The EMMA uses a quantitative PCR (qPCR) procedure for the detection of ten known pathogenic fungal species in the dust specimens. EMMA includes six analyses that were designed and used by the EPA and four analyses that were previously developed by Real Time Labs for mycotoxin-specific testing. The qPCR method used detects fungal DNA to the species level. The data generated for each specimen is plotted against a standard curve to calculate the amount of fungal DNA present in the specimen (nanograms of DNA per milliliter of dust). Controls are included to verify that the DNA extraction procedure was successful and accurate. For the mycotoxin assessment portion, testing is done using competitive enzyme-linked immunosorbent assay (ELISA), a sensitive, specific method for detection, using antibodies prepared against the mycotoxins to indicate their presence in the sample. Each analysis is specific for the mycotoxin identified and does not cross-react with any other mycotoxins in the same sample. In other words, it will only identify mycotoxins that are present and will not yield a false-positive result.
EMMA is based on finding clinically significant links between the molds in the home and the mycotoxins present in both the home and the occupants, so it takes into account intricacies in reporting the data, like filamentous fungi (like Aspergillus sp. or Penicillium sp.), which are branching and difficult to conduct actual spore counts on. The EMMA shows results as DNA ng/ml of fluid, rather than spores/mg of dust or spores/ml of solution, like the ERMI. This allows more precise reporting of how much fungal DNA is present in the sample. The reasoning goes, that once you know the detectable levels in your home and body, you can implement protocols to remove exposure and bring those levels down to where they are undetectable. Then, when you an acheive test results that show undetectable mold and mycotoxin levels in the home (and the body, of course), you know that remediation or treatment has been successful. This way of designing environmental testing, in theory, should make it easier for the occupant to monitor the health of the home and to quickly identify when an issue occurs or to associate a spike in health symptoms with similar spikes in the fungal load of their home.
Pros and Cons of the EMMA
(Note: This is all based on my opinion. I am NOT an Indoor Environmental Professional (IEP), so please defer to a trusted IEP before making any decisions on the safety or remediation needs of your home.)
- Only environmental test that tests specifically for the presence mycotoxins.
- Developed for clinical significance. Molds are not included that do not have clinical research or known health significance.
- Well-defined sample size and testing parameters.
- Answers the two most-critical questions when deciding on remediation: Are the organisms found in the home toxigenic and/or pathogenic? What, if any mycotoxins are being produced and are present in the home?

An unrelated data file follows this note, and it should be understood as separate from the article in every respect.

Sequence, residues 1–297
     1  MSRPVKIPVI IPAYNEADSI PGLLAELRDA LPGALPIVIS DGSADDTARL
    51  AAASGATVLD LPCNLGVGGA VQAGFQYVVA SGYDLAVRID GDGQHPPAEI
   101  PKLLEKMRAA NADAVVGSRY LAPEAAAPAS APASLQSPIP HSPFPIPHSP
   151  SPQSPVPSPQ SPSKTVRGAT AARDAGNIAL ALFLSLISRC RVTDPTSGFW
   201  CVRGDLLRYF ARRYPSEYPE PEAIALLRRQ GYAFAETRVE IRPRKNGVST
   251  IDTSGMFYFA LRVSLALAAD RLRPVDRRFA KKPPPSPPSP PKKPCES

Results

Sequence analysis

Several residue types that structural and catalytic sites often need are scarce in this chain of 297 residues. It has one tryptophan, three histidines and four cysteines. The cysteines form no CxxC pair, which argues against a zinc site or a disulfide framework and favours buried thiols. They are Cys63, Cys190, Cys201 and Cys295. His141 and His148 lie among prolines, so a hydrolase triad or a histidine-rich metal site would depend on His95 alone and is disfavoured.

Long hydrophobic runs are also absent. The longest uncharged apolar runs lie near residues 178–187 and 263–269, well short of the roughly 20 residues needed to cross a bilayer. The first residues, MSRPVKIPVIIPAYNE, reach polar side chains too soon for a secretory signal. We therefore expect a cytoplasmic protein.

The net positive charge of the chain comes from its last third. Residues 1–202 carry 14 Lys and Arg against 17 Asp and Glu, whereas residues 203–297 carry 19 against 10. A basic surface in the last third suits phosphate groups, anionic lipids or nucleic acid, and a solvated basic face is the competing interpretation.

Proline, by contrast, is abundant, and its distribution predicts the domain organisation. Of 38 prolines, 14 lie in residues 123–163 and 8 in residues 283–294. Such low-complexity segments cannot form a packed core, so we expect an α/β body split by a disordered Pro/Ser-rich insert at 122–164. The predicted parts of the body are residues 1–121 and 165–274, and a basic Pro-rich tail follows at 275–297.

- Easy-to-read results. Not based on a score. Any presence on the test is significant.
- Can be used to complement and compare with mycotoxin urine testing. In other words, what you are doing to assess your body complements what you are doing to assess your home.
- Shows the current fungal burden of the home.
- Can be used to calculate the HERSTMI-2.
- Tests for the presence of Candida Auris, an emerging multidrug-resistant yeast causing invasive health care associated infection with high mortality.
- Not as well-known or utilized by IEPs as the ERMI.
- Does not pinpoint the mold source.
- Does not include as many molds as the ERMI.
- Can be expensive.
So, Which is Better?
There is obviously more than one way to skin a cat or to test for mold, as it were, but gathering as much data as possible that has significance when it come to your health is the name of the game. Mold often cannot be seen or smelled, so both the ERMI and EMMA can be used to find the problems that more traditional means of inspection can easily miss. And, despite what many people tell you, it is not always either/or, because if what you are after is the most data possible, so that you can fully remediate and make your home safe a combination of testing might actually be your best and wisest bet.
Questions? Comments? Write to us below or email us at firstname.lastname@example.org.
Catherine, you might want to edit your piece for typos that change the meaning of sentences. I found this sentence under the “Pros and Cons of the EMMA”: “Molds are not included that do have clinical research or known health significance.”
I do not think that’s what you meant to say here, since the article is all about identifying the presence of molds and mycotoxins with clinical significance. You left out that all-important “not”, as in “Molds are not included that do NOT have clinical research or known health significance.”
Thank you. I will edit it. Good catch!
Have been using the test plates and growing lots of mold. It seems that there is mold even when not visible. I know we have had moldy objects and items in our home. Is there any way I can have the plates analyzed for mold types growing there